Tuesday, August 27, 2013

Stress! Be in Control.

Let's start off by looking at a simplistic version of what happens when you face stress. The nervous system which I will separate into 2 parts - the Sympathetic and Parasympathetic is made up of the brain, spinal cord and nerves which are all communicating with the body via neurotransmitters, bio-chemicals, essentially what I will from now on call hormones. 

The sympathetic nervous system is the first responder: The brain decides there’s a danger, it sends nerve signals down your spinal cord to your adrenal glands and they release the hormone adrenaline. Adrenaline increases the amount of sugar in your blood, increases your heart rate, raises your blood pressure, causes you to sweat, and increases muscle tension – getting you ready for fight or flight.  Signals are also sent to your pituitary gland, telling it to release hormones that within a few minutes have traveled through your blood stream and stimulated your adrenal cortex to produce a stress hormone called cortisol.  This process also shuts down unnecessary systems such as digestion, reproduction, immune protection, and cognitive (rational thinking) processes.  These systems are unnecessary in the immediate presence of danger.  Problem is, we perceive life’s stressors as continual and our nervous system is unable to regulate itself properly and turn these systems back on to ideal levels of functioning.

The parasympathetic nervous system is the adjusterthis is what we have to learn to control and in controlling it, we get the systems of long term survival (digestion, etc.) turned back on to normal, healthy functioning and get the muscles, blood pressure and that fight or flight response back to a normal level.  The parasympathetic is meant to adjust the initial stress reaction to an appropriate level once it's no longer needed.  At bedtime, the brain should be telling the parasympathetic that all is well and we can sleep now.  Instead, we are still fuming about the incident at work, or worrying about the next day's schedule.  The parasympathetic doesn't know what's real and what's perceived danger, so the stress response continues.

So, how do we communicate better with the parasympathetic nervous system?  It's not that hard really, but you have to actually DO it - regularly and maybe, probably, every single day.

·        Breathwork - Breathing is a process you have to do and yet you pretty easily can have some control over. Deep breathing stimulates the relaxation response, triggering the parasympathetic nervous system.  Belly breathing:  Breathe so far into the lungs that the diaphragm drops into the belly, expanding it.  If you place your hand on your belly, it moves outward as the belly expands.  Full yogic breath:  Belly breath + breathing all the way up to the collar bones. After breathing into the belly keep inhaling, feel the rib cage lifting up and then expanding outward toward the insides of the arms as the breath fills the lungs.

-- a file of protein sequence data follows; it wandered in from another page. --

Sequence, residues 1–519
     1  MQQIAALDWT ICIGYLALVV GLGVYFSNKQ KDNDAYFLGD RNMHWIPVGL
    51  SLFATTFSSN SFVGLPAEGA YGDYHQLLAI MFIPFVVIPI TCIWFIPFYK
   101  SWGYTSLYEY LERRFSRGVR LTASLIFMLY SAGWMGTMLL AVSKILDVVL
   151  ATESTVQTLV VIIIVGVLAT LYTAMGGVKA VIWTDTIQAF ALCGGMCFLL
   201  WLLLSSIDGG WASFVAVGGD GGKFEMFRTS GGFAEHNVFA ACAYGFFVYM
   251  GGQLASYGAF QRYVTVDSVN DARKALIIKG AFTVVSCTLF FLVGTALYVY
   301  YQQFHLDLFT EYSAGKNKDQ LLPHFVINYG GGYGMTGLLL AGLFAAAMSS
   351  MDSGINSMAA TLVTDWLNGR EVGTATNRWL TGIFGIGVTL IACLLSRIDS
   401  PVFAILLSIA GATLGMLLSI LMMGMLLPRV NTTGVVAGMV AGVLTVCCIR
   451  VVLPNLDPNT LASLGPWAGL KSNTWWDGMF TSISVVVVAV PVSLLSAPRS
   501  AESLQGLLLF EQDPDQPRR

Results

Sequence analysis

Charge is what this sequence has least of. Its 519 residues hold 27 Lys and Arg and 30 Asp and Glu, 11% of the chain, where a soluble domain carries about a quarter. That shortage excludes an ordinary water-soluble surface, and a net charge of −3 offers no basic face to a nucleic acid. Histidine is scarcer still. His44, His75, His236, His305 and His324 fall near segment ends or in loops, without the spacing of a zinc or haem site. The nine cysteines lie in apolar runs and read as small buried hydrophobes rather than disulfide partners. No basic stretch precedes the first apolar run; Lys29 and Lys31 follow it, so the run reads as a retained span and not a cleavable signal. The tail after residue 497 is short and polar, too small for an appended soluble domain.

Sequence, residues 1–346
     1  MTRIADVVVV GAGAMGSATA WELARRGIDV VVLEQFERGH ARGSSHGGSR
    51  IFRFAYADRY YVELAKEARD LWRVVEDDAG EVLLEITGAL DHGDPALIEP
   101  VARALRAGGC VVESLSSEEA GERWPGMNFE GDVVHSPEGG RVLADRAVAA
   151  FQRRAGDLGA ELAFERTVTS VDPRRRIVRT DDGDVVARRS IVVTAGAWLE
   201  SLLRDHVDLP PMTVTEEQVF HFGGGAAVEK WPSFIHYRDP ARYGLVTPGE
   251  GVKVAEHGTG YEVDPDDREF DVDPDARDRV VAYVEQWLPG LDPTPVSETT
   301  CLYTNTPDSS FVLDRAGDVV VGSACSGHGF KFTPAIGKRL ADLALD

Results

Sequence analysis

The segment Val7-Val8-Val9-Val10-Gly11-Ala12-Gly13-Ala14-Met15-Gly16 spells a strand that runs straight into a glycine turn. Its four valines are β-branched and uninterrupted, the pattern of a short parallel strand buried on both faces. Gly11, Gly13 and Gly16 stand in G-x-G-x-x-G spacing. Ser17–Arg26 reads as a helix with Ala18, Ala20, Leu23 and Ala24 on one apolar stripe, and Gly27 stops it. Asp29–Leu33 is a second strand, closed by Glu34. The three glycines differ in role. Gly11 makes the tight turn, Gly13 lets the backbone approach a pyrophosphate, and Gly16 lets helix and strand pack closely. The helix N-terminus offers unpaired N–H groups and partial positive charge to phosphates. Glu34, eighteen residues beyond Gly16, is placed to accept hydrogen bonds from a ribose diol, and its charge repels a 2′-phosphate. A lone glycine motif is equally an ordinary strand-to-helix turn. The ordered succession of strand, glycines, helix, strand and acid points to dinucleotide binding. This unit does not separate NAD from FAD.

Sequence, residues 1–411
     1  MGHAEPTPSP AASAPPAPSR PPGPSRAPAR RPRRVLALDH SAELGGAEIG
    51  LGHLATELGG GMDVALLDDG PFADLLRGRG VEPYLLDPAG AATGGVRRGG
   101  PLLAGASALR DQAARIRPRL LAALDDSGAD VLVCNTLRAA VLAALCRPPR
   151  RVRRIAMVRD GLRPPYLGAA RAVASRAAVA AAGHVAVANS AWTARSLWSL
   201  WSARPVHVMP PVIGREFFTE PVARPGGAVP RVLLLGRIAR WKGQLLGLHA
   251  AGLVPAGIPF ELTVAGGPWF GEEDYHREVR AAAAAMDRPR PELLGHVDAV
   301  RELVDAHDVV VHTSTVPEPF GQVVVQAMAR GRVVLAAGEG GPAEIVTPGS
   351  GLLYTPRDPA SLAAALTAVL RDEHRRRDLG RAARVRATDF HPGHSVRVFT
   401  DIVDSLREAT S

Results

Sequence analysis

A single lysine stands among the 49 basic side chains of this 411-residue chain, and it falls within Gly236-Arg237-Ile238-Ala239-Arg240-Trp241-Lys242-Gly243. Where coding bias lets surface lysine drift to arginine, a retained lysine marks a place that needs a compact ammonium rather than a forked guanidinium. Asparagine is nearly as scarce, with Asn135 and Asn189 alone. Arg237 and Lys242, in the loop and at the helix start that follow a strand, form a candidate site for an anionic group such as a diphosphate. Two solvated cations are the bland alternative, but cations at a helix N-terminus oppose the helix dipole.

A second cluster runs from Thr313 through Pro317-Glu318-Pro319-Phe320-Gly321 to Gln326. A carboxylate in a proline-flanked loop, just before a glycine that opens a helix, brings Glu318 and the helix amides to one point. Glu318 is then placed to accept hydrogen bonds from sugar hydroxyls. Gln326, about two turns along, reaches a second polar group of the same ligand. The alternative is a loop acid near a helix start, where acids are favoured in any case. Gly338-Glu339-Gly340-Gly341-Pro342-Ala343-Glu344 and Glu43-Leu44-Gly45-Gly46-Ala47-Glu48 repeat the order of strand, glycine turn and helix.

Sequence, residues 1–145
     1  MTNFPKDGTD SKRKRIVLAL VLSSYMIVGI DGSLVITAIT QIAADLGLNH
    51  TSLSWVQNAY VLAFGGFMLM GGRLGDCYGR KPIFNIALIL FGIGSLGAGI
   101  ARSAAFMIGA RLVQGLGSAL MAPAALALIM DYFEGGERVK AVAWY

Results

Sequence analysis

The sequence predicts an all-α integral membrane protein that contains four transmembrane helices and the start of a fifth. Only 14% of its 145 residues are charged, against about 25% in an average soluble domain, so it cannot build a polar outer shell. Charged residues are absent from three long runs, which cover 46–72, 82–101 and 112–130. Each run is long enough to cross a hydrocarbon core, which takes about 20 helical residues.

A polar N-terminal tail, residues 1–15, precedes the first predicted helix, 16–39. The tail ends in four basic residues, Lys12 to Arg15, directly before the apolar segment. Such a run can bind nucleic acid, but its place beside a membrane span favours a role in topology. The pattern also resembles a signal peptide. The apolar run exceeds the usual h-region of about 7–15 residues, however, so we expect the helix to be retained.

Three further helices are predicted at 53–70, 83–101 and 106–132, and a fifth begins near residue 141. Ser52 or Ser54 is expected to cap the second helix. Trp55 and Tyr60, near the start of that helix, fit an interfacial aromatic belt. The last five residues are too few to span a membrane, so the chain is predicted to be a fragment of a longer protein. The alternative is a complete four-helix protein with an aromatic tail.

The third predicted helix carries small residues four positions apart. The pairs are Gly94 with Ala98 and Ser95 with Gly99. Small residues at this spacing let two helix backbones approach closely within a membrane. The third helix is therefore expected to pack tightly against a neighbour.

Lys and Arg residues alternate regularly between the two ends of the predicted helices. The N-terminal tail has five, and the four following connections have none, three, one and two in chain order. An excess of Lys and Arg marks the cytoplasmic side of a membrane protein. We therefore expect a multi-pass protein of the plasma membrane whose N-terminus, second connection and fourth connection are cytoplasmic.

Visualization – Learn to control the mind with visions of calming places and/or memories.  It's easy to think about how worried we are about something, how we dread the stress of the work day, the irritating drive through rush hour traffic, etc.  This thinking is what causes the stress reaction in the first place.  So, why don't we then think about the beauty of the sunrise, the calm color of the sky, the peaceful sound of a favorite song?  Taking your mind to a calm place should be the automatic opposite reaction to stress.  And yet, it isn't.  The mind doesn't know the difference between the real thing and a vision or memory.  Sports psychology has used this method for years.  Before a race, skiers visualize the slope they have only practiced on 5-6 times.  Going over the activity in the brain, makes the brain better at it. Visualize calm and peace and train your brain toward calm and peace!

Meditation – Meditation is like weight lifting - it teaches the brain to focus and teaches it to ignore distractions, so it gets stronger.  If I want to make my bicep stronger, I do bicep curls.  And yet, we don't do exercises to strengthen the brain!  What the brain spends the most time on, it gets good at doing.  Thinking over and over about stressful situations, makes the brain really good at stress.  Meditating allows us to control what the brain pays attention to and makes it stronger at thinking about what we choose.  A simple meditation technique is mindfulness.  Mindful breathing is simply focusing on the breath.  Any other task such as cleaning, driving, playing, walking, etc. can also be mindful meditations.

Relaxation – We often think that flopping on the couch in front of the TV with a bowl of chips and a beer is relaxation.  But, it isn't usually.  Because what we watch is often stressful - the news, crime dramas, etc. tension continues to exist in the body.  In addition, we are putting stressful substances into the body.  Learning to identify when tension is present in the body and letting it go, is true relaxation and is the response the body and the mind need to make sure we've turned stress off. 

Yoga, Tai Chi, Qigong, etc. – Conscious/aware movements that combine breathing, movement, relaxation, and focus and teach the body and mind to function in a state of ease.  These activities require the mind and body to connect through movement which makes for a meditative state.  Many other forms of exercise can do this as well, but only if done so mindfully.  If running with an iPod is your normal way to go, you are not being conscious and aware of the exercise.  The benefits will not be the same. In most, but not all, Yoga, Tai Chi, Qigong, etc. classes teaching how to breathe and when is part of the class, as is relaxation.  There is also a certain focusing of the mind for many of the movements.  This combination teaches the mind and body to work together in a state of ease sometimes known as flow.

      Start training your nervous system away from the stress response and reap the benefits in improved physical and mental health!

Wednesday, August 14, 2013

The Theme of Perfection

There's a theme in my office - client after client after client comes in with a mentality of perfectionism which then equates to an all or nothing pattern of thinking and being.  There's a spectrum here that goes from controlling certain aspects of one's environment to obsessive-compulsive disorders.  Most of us are somewhere in the middle or toward the controlling side of the spectrum, but others are more severe.  In addition, many suffer with anxiety, depression, and addiction due to this mentality. What's going on and what can be done about it?